Regulators should ensure clear information, guidance and advice is available to help those they regulate meet their responsibilities to comply
Regulators should provide advice and guidance that is focused on assisting those they regulate to understand and meet their responsibilities. When providing advice and guidance, legal requirements should be distinguished from suggested good practice and the impact of the advice or guidance should be considered so that it does not impose unnecessary burdens in itself.
Regulators should publish guidance, and information in a clear, accessible, concise format, using media appropriate to the target audience and written in plain language for the audience.
Regulators should have mechanisms in place to consult those they regulate in relation to the guidance they produce to ensure that it meets their needs.
Regulators should seek to create an environment in which those they regulate have confidence in the advice they receive and feel able to seek advice without fear of triggering enforcement action.
In responding to requests for advice, a regulator’s primary concerns should be to provide the advice necessary to support compliance, and to ensure that the advice can be relied on.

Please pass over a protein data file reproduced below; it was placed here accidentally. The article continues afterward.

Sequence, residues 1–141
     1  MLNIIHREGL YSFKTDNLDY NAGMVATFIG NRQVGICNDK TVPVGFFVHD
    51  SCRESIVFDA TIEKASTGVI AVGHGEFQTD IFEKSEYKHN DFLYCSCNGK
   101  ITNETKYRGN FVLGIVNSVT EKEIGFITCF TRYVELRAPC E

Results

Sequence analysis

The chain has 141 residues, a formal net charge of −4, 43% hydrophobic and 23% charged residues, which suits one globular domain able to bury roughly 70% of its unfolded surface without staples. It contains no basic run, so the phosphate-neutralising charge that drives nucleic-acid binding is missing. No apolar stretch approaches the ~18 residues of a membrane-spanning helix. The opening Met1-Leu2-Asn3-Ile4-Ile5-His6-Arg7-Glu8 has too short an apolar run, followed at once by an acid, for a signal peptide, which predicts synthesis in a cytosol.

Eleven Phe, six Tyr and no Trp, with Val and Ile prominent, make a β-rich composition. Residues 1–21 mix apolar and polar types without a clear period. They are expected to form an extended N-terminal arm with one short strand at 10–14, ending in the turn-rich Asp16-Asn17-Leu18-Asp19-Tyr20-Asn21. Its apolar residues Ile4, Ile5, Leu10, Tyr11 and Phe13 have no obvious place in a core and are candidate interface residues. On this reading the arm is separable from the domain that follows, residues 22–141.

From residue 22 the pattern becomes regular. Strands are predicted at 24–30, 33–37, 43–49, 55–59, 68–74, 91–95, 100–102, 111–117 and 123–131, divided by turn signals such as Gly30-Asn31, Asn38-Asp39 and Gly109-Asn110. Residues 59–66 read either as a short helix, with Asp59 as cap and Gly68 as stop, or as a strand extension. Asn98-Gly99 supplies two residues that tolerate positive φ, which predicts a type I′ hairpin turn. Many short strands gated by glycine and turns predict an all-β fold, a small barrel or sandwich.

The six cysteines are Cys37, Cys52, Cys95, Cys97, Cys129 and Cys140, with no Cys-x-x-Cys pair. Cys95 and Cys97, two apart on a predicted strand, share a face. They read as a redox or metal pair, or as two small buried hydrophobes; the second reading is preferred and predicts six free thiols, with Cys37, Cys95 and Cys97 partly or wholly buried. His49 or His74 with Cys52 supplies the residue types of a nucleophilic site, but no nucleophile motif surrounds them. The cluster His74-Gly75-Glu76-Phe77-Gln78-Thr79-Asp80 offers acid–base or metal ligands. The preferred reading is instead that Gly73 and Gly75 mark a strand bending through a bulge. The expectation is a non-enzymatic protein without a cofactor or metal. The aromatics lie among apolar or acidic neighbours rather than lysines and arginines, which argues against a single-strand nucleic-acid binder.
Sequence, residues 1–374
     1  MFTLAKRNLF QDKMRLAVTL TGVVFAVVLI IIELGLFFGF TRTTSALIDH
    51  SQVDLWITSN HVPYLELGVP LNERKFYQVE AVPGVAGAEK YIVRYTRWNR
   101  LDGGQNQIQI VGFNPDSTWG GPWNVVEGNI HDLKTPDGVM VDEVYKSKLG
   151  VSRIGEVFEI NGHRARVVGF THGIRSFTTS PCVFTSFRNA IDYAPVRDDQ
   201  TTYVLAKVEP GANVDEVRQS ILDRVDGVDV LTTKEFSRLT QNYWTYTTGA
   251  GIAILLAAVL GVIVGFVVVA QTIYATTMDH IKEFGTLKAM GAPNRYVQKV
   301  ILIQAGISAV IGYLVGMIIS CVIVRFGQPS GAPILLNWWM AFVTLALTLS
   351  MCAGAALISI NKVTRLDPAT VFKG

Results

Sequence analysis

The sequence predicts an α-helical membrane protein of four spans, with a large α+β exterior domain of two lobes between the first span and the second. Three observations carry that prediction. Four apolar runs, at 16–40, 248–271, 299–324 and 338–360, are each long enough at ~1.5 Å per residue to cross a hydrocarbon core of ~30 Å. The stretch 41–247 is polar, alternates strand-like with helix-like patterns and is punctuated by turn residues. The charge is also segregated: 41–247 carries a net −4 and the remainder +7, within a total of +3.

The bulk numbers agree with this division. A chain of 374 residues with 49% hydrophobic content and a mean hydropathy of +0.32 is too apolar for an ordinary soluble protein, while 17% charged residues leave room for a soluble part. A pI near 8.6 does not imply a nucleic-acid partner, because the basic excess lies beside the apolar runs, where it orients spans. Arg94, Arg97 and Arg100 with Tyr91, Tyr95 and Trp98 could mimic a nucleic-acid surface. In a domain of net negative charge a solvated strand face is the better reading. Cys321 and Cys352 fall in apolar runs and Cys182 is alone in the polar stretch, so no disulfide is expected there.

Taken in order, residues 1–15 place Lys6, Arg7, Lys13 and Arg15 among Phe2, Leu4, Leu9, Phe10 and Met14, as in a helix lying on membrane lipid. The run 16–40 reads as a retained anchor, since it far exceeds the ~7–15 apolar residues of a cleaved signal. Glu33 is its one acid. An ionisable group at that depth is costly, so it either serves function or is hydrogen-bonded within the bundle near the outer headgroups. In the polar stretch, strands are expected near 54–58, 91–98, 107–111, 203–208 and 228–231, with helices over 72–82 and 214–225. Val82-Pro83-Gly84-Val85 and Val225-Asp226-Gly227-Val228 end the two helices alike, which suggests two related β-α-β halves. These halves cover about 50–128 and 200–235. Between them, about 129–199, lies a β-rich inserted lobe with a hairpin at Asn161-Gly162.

Regulators should have mechanisms to work collaboratively to assist those regulated by more than one regulator. Regulators should consider advice provided by other regulators and, where there is disagreement about the advice provided, this should be discussed with the other regulator to reach agreement.
Core Learning Resources
In particular, see:
- Business Regulation Made Simple: Template, 2014
Anderson Review / BIS, 2009 (archived)
Local Government Association
This approach draws on the experiences of peers and best practice to consider how regulatory services can deliver the best outcomes for their communities, including local economies.
Regulatory Delivery, 2017